The Permian Basin lies in Southwest Texas and the bottom right corner of New Mexico. Sitting a bit north of it is a small ranch that my Great Grandfather pieced together for grazing his cattle. Today, my father and his sister lease this property out to a rancher, a hunter and an oil company. While our ranch produces a relatively small amount of crude, great pride in the oil industry runs through the area. There is a thriving economy surrounding it and everyone is happier when there are more jobs and more money.
I became particularly interested in the oil industry after reading a New Yorker article claiming that the Permian Basin was arguably, “the hottest oil and gas play in the world”. The oil boom that this part of the country is experiencing is due to the “fracking revolution”, which is coinciding with the Trump administration’s loosening of regulations.
My paintings began with a trip to this part of Texas and New Mexico. I did not look at the oil and gas industry exclusively. From there, I visited sacred places for my family, like my Grandfather’s ranch and the small town of Spur, Texas where my Grandmother Betty grew up. I went to Marfa and visited the Chinati Foundation. I went to two National Parks and saw friends in Las Cruces and Carrizozo. In my diary, I wrote “some of the nicest and friendliest people that I have met. Charming small towns and hardworking people.”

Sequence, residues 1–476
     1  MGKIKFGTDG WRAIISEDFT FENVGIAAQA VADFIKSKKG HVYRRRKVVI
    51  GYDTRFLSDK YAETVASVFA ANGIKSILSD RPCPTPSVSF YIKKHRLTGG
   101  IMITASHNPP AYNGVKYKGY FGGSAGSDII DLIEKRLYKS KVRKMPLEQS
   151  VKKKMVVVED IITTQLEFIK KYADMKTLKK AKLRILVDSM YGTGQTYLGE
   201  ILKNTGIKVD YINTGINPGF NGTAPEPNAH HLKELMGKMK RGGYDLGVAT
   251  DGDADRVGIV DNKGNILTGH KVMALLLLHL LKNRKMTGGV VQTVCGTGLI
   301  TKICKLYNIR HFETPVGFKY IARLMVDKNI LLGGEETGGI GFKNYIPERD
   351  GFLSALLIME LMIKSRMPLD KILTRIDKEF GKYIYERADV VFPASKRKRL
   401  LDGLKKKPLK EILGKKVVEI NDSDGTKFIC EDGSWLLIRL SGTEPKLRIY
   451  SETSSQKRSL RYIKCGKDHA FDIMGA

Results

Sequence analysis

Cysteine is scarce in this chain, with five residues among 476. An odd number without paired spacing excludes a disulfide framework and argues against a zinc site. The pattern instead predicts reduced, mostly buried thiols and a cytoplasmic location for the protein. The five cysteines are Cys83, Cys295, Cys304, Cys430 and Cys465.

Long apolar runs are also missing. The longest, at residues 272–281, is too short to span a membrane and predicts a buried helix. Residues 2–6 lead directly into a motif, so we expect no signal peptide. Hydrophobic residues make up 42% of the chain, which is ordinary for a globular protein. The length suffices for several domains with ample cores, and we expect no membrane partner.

The paintings that resulted from this trip are not a scientific investigation in any sense. They reflect my subjective experience of looking at a landscape and a region that I love. I made paintings that attempt to tell a complicated story, one that both honors the place and the people, while revealing my own concerns and anxieties. The US’s border with Mexico lies just to the south and it looms heavy, behind everything. These paintings are not only about a place, they are about complicated emotions and fractured perception.
Rather than oil on canvas, I am painting in watercolor on paper. Traditionally, watercolor has been taken less seriously, sometimes considered a “hobbyist’s” medium best left to women at home rather than the men in their studios. The workers in the oil patch are predominantly male, and as a female and a tourist, I did not feel welcome to explore any of the heavy industrial sites. The machinery is immense. The scale is non-human. I wanted to depict powerful industry by using a light and delicate medium, as well as a very human scale. Water itself is a huge and contentious issue in hydraulic fracturing. The process uses tons of it, in a desert that has very little. Conservationists worry that the process risks damaging the water table. Skies and clouds, which reflect the moisture content in the air were particularly fun to paint in watercolor, which compared to oil has little body or weight to it. I spread paper out on the floor of my studio and worked from above where I could control the pooling of the paint. I often started by taping out the horizon line because in the wide open spaces of the Southwest, everything rests on the horizon. Beginning from there, I might go on to depict a car window, a frack waste pond, a leaky pipe.